Fine Dining

BEA @ Barangaroo

Visiting another Matt Moran’s restaurant in Sydney, BEA occupies the second floor of Barangaroo of the new trendy precinct.

Barangaroo House is the impressive looking three tier building on Barangaroo’s waterfront opened mid December 2017 by chef Matt Moran and the Solotel group. The building’s house bar is located on the ground floor in the wrap around outdoor space. On the first floor is Bea the 180 seater restaurant while the second floor houses Smoke, a bar with a neat snack menu.

L2M-AU-BEA-2
View of Barangaroo

Wood-fired seasonal Australian produce

At the heart of Bea’s kitchen sits the wood-fired grill, where Executive Chef Tom Haynes works his magic. You won’t find any fussy garnishes or tweezer techniques here, it’s all about beautiful Australian produce from nearby land and sea and treating it simply and respectfully, guided by the best of each season.

Bread, butter

L2M-AU-BEA-3
Bread, butter

The bread and butter are not complimentary, and you can see why. The crusty bun is teddy bear soft inside. The butter is hand churned and flavoured with turmeric and sea salt.

Sydney rock oyster

L2M-AU-BEA-4
Sydney rock oyster

Sydney rocks grow off Australia’s eastern coastline. Though they’re available here year-round, oysters are in fact seasonal. Sydney rock oysters tend to peak between August and March. Fresh shucked oysters, a bit small for the winter months when they should have peaked but still packed the flavours.

A dozen oysters yields around 636 milligrams of sodium, which is more than one quarter of the maximum recommended daily requirement. So go easy (or don’t).

Raw kingfish, finger lime

L2M-AU-BEA-5
Raw kingfish, finger lime

The Japanese have given us sashimi, the Italians crudo and the Spanish esqueixada. Then there are dishes that are neither raw nor cooked such as Peruvian ceviche, Nordic gravlax or Fijian kokoda — all good options for those not ready for raw fish.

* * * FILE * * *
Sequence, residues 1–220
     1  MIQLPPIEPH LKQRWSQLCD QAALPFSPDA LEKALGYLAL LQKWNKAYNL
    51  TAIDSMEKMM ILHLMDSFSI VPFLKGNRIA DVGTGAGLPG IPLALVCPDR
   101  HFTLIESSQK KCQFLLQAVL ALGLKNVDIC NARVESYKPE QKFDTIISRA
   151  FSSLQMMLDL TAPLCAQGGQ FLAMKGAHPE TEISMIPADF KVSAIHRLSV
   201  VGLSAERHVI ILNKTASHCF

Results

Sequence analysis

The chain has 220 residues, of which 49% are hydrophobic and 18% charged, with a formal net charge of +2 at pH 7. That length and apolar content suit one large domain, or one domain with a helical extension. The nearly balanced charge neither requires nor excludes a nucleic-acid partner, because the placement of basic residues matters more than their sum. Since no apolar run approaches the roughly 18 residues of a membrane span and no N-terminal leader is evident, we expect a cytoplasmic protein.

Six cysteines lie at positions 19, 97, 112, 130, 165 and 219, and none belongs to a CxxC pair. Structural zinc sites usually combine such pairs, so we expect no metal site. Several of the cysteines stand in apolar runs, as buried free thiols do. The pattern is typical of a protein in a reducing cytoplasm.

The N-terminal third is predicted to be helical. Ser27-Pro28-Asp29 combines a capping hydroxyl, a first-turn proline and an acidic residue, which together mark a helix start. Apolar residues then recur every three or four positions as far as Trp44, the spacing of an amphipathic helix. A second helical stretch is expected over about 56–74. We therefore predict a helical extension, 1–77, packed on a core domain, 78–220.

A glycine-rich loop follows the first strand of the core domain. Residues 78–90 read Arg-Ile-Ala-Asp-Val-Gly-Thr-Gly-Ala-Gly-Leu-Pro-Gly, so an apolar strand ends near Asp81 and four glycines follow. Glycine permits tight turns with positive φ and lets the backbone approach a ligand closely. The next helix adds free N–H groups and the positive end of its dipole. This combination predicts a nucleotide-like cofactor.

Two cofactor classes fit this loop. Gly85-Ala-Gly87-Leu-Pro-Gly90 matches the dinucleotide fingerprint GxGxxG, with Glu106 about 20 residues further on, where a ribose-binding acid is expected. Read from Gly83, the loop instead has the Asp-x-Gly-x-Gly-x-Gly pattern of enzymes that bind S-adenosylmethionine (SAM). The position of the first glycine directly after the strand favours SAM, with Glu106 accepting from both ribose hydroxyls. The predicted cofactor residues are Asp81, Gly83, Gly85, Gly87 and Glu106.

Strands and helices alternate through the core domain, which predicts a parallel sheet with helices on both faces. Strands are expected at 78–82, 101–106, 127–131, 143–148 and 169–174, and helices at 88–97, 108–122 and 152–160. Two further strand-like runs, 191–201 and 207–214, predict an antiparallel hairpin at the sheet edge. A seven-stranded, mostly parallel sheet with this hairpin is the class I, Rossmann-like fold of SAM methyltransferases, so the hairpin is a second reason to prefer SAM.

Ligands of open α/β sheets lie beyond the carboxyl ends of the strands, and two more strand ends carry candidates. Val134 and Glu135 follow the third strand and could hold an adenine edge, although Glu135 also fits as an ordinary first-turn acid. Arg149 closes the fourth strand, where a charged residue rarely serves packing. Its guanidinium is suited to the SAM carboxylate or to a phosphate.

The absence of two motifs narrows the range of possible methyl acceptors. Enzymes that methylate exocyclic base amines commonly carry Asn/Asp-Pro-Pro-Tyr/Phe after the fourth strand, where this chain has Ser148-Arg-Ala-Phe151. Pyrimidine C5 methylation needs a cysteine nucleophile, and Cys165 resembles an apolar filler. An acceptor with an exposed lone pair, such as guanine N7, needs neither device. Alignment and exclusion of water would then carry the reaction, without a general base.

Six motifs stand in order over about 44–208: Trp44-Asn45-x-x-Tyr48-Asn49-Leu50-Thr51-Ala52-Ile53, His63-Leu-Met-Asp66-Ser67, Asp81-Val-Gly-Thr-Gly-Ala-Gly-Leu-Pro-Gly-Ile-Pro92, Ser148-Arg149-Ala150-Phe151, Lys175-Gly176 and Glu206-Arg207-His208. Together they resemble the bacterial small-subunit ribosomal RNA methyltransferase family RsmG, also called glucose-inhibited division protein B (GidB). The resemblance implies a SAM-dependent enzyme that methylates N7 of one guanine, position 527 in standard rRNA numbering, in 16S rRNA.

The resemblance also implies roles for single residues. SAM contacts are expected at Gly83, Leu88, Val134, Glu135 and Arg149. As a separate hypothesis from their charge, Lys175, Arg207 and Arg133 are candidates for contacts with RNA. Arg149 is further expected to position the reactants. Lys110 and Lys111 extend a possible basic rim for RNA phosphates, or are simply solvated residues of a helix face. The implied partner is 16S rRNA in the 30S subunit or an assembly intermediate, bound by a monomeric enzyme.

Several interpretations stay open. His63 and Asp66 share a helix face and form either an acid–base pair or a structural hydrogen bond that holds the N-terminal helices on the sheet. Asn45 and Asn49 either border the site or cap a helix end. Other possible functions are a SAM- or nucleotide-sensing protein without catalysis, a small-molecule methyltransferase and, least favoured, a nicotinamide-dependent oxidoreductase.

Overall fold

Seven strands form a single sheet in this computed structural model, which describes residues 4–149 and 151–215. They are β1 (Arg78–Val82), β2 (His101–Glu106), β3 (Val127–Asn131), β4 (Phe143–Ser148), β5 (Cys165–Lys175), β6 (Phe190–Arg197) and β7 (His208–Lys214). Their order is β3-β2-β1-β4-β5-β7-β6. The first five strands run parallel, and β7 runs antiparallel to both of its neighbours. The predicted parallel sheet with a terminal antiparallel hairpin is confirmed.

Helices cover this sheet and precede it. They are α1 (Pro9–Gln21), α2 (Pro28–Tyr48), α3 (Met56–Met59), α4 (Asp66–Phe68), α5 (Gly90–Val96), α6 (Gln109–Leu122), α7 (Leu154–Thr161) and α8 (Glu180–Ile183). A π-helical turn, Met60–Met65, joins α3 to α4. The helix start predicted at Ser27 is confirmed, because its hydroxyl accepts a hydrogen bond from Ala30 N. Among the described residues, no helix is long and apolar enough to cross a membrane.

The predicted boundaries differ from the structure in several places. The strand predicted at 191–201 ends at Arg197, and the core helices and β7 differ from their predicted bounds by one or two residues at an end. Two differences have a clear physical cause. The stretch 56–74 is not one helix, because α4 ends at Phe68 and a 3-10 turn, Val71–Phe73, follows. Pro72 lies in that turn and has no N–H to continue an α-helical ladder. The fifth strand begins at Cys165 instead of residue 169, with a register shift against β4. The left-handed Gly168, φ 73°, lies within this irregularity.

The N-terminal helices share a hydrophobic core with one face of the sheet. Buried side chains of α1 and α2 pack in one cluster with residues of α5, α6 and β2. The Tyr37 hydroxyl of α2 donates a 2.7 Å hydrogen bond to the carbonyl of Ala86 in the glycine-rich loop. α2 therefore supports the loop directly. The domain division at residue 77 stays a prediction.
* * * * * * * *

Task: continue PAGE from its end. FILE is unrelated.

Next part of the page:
This all-Australian dish uses Eyre Peninsula kingfish and Australian finger lime. Fat cuts of fish with the zest from the lime, it’s a classic combo. The red bits are not fish roe, even though a few ikura were hidden there to provide the brine and umami.

Artichoke, fennel, dill, anchovies

L2M-AU-BEA-6
Artichoke, fennel, dill, anchovies

It has two of my favourite vegetables – fennel and artichoke. The salad used grilled artichoke hearts with stripped fennels, and simply dressed with lemon oil. The anchovies provided the salt and umami.

Charred tiger prawns, lemon, dill

L2M-AU-BEA-7
Charred tiger prawns, lemon, dill

My guests finished the prawns while I was in the washroom – that’s a testimony of how good they were! It was simply halved and grilled with salt and finally finished with lime.

Eye fillet, grass fed 200g

L2M-AU-BEA-9
Eye fillet, grass fed 200g

I ordered the tender eye fillet of Rangers Valley beef. It’s served sliced in half horizontally and it is rolled in a powder of native herbs and served with pickled radish. It is sublimely tender, although eye fillet is not my usual choice. I am watching my weight.

L2M-AU-BEA-10
Market veggies, olive oil, chips

The sides of market veggies were mainly boiled snap peas and charred kale, dressed with EVOL. The chips with aioli was delicious.

We ordered three more mains. The Scotch fillet, grain fed 300g is similar to my eye fillet, but a different, fattier cut of meat. The Berkshire pork cutlet, Brussels sprout salad was very well-received, but the best was Butterflied sea bream, tomato, oregano. This is the dish I would try when I come back again.

There are many moving parts here and not all of them are working in sync. Service runs hot and cold. And the servers were breaking things around us as the layout of the place is quite tight. Servings vary wildly in size and value, some small plates being better thought of as saucers. And charging for bread is atrocious.

BEA Restaurant @ Barangaroo House
Level 1, 35 Barangaroo Ave, Barangaroo, NSW, 2000
Tel : 02 8587 5400

https://www.barangaroohouse.com.au/bea-restaurant

Date Visited : Aug 2019

0 comments on “BEA @ Barangaroo

Leave a Reply

Fill in your details below or click an icon to log in:

WordPress.com Logo

You are commenting using your WordPress.com account. Log Out /  Change )

Google photo

You are commenting using your Google account. Log Out /  Change )

Twitter picture

You are commenting using your Twitter account. Log Out /  Change )

Facebook photo

You are commenting using your Facebook account. Log Out /  Change )

Connecting to %s

This site uses Akismet to reduce spam. Learn how your comment data is processed.

%d bloggers like this: